Designated Caregiver Act (CARE Act)
If you or a loved one have ever had to coordinate healthcare following a hospital discharge, you know how confusing and disjointed medical care can be. The transition from the hospital to a rehabilitation center or other care setting is a sensitive time. Medical orders can be dropped. Recommendations can be forgotten or improperly implemented.
Michigan’s legislature attempted to improve the coordination of post discharge care by passing the Designated Caregiver Act (CARE Act). This law, which became affective in July, was a major AARP legislative priority.
The CARE Act gives a hospital patient (or their patient advocate) the right to name a “designated caregiver” with whom the hospital is supposed to coordinate the patient’s hospital discharge and post-hospital care. The patient can also name the caregiver inside of an advance directive.
The jury is out on this law’s effectiveness. On one hand anything that improves communication during a transition in healthcare settings is helpful. On the other hand, the CARE Act does not give the patient or designated caregiver an effective means to force a hospital, insurance company, or any healthcare contractor to recognize the designated caregiver’s authority. Nor does it ensure any particular insurance coverage or support for the designated caregiver’s work.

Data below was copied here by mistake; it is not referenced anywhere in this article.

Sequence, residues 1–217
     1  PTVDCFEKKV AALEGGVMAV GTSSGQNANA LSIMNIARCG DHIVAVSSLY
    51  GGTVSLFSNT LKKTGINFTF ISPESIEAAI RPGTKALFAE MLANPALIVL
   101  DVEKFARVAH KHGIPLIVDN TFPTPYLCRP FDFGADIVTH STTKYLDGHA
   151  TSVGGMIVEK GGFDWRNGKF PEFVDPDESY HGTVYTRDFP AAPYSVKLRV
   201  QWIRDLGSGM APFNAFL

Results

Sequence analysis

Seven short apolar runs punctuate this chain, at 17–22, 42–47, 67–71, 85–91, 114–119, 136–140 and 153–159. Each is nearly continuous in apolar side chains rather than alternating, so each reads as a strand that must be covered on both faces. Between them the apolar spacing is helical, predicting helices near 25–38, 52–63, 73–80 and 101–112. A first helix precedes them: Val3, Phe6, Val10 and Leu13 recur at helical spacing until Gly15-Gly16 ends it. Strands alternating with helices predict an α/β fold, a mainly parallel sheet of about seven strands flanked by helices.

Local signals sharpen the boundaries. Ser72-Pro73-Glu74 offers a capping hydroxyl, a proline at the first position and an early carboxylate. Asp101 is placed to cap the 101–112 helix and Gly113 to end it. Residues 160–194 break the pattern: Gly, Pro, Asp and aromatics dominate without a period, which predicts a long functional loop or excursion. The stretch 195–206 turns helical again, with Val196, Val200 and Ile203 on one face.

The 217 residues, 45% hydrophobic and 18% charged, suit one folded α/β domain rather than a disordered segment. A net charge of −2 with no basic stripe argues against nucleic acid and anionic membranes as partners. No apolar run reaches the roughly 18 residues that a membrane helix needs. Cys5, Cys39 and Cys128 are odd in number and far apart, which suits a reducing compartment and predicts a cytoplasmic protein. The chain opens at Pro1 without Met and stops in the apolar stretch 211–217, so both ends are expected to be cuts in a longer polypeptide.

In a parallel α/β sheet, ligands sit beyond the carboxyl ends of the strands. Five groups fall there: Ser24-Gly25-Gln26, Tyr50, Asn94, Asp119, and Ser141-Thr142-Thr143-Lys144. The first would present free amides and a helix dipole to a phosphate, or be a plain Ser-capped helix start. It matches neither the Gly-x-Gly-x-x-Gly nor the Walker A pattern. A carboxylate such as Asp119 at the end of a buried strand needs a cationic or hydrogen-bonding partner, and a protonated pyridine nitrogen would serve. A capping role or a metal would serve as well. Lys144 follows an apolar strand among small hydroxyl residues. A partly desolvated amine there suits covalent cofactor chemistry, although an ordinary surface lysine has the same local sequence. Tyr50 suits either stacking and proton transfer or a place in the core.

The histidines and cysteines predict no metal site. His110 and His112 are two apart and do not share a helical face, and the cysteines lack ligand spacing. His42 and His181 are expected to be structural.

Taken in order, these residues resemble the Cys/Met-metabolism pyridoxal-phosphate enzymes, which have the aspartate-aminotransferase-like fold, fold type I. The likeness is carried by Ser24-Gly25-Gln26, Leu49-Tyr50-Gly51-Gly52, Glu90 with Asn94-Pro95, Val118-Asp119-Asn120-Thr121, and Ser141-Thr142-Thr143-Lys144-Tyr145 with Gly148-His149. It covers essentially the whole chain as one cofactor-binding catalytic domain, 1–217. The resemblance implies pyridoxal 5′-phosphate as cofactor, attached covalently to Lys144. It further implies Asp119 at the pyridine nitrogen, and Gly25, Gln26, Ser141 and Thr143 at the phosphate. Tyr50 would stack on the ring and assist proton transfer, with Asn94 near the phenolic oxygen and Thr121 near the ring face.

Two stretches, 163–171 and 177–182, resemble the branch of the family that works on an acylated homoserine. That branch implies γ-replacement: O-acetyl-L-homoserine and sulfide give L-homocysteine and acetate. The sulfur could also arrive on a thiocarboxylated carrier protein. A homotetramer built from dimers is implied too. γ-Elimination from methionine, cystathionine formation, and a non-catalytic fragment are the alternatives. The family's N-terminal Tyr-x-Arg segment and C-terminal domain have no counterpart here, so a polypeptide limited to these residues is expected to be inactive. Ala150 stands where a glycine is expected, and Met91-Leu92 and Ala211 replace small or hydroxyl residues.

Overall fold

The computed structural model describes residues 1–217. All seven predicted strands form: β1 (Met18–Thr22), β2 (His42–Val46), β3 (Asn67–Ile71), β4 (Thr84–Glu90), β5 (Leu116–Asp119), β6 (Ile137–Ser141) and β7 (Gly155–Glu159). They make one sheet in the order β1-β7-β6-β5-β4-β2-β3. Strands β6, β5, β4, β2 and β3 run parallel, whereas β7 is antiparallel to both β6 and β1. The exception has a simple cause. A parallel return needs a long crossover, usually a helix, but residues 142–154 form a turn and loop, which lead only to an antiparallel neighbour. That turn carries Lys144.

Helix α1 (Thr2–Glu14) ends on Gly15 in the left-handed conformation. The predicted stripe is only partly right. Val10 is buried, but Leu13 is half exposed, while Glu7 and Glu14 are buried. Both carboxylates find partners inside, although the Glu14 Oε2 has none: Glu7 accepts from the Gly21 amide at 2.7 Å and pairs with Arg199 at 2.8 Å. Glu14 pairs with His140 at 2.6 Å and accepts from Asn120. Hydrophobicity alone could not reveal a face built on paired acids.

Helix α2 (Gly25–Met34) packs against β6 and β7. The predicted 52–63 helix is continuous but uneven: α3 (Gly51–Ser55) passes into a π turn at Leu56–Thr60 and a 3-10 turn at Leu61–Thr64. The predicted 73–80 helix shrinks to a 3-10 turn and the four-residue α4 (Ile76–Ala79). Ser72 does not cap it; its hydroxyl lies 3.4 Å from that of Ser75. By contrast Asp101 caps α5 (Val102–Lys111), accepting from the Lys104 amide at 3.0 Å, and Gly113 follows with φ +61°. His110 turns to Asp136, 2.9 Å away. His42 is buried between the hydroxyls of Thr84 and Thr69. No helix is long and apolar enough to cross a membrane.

Our firm has not been advising its clients to update their advanced directives to include this law. If a client already has a patient advocate designation in place, the patient advocate can already do what a designated caregiver is able to do under the CARE Act.
Even though this new law does not appear to have teeth, we are glad to see hospital discharge planning placed into the spotlight. Additionally, this law highlights how important it is to nominate somebody to keep your healthcare providers coordinated